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Rybar says that landing attempts by small Ukrainian reconnaissance groups have been repeated since spring. These operations had not been publicized by the Ukrainian authorities, until now. Following the liberation of the city of Kherson, Ukrainian military accounts, including the Ministry of Defense, have posted videos of marine units sailing on speedboats on the Dnieper on social media. The General Staff reported that on the 15th it had fired more than 50 artillery shells at the Russian defenses at Kinburn. The previous morning, the Russian military administration reported having frustrated the landing of special teams from the 73rd battalion of Ukrainian marines.
The Mikolaiv regional government confirmed that that morning, the Ochakiv demarcation had been bombarded by Moscow with unusual intensity. Ochakiv is the coastal town in front of Cape Kinburn and from where the Ukrainian boats set sail. The Ukrainian High Command in Mikolaiv denied access to EL PAÍS to Ochakiv, alleging that there are military operations underway.
a lot of money and a lot of time
French General Jérôme Pellistrandi highlighted in an interview with this newspaper that the terrain in Kinburn is not conducive to landings with armored amphibious vehicles, nor for large numbers of troops or for the movement of heavy artillery. “It’s interesting for special forces operations, for small groups that strike with river guerrilla tactics,” says Pellistrandi. This military man, a regular analyst of the war in the French media, adds that Ukraine is far from having a fleet of boats for a large-scale landing: “This costs a lot of money and a lot of time.”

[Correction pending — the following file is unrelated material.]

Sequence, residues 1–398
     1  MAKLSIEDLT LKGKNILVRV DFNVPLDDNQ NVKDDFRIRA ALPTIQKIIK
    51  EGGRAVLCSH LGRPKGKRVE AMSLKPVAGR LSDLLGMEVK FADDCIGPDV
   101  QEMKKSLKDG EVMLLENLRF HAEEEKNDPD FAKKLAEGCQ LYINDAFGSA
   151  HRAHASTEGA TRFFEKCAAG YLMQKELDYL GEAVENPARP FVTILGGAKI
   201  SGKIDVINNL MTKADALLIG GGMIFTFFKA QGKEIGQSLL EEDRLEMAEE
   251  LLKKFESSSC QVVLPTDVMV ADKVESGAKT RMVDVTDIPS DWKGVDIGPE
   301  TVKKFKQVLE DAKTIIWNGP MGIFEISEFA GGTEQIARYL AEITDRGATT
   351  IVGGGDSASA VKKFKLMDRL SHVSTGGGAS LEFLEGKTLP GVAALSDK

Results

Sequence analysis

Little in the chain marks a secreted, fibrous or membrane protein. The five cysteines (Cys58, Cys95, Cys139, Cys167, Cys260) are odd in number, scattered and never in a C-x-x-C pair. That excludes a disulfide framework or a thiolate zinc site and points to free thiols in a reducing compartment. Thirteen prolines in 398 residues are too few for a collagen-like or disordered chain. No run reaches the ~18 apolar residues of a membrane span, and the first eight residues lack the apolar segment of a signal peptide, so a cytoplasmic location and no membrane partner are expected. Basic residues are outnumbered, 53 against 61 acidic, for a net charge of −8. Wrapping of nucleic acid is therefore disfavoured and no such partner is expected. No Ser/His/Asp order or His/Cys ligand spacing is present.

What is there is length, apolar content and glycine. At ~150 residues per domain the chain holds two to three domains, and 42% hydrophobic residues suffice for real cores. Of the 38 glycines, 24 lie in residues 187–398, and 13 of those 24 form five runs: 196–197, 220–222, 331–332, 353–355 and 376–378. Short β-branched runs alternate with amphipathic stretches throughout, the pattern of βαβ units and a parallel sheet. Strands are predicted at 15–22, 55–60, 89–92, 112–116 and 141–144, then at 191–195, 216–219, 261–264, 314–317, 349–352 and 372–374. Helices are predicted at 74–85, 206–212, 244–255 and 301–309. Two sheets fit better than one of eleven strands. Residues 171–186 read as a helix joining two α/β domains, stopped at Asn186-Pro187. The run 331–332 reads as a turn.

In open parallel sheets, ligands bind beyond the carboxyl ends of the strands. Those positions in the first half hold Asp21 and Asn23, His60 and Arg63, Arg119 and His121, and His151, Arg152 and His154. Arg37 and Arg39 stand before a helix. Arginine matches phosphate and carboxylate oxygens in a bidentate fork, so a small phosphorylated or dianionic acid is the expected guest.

Mike Martin, a researcher at King’s College London’s Center for War Studies, wrote last week on Twitter that Ukraine is most likely launching a diversionary operation in Kinburn for Russia to reduce its defenses on the Dnieper front in Zaporizhia. Robin Häggblom, an analyst at the Finnish defense consultancy Corporal Frisk, published a report on November 14 in which he also concluded that the Ukrainian forces seek to open a new flank for the enemy, and without the need to move their artillery, which can act from the other shore: “If the Ukrainian light infantry starts to act from Kinburn, in the Russian rear, Russia will have to act. Is this, perhaps, the logic, if Russia transfers units to the gulf [de Kinburn]it will have to leave other more unprotected areas”.
From the Russian side they see the situation in the same way, according to the information shared by Rybar: “The Ukrainian command will most likely focus its efforts not on the physical seizure of the Kinburn peninsula, but on increasing the action of its groups of saboteurs. The objective is to force the reaction of the Armed Forces of the Russian Federation in the area, to interrupt the supply for their fortifications and to create the conditions for deeper attacks on Russian territory.”
But Kinburn has a strategic value that goes beyond the recapture of the areas occupied by Russia. Fouillet points out that if Russia ever has the option of crossing back into western Ukraine, the estuary could be key to supporting her fleet in the Black Sea. Alexei Kondratiev, commander of Russia’s Don Cossack brigade, noted in an interview in October that Kinburn is important to Moscow because it is its westernmost position in Ukraine, just 32 nautical miles (59.2 kilometers) from Odessa. From there, bomb drones have been launched against southern cities of the invaded country. But for Ukraine it is even more essential to eliminate the enemy in Kinburn because river traffic is controlled from there along the Bug River, which connects Mikolaiv to the sea.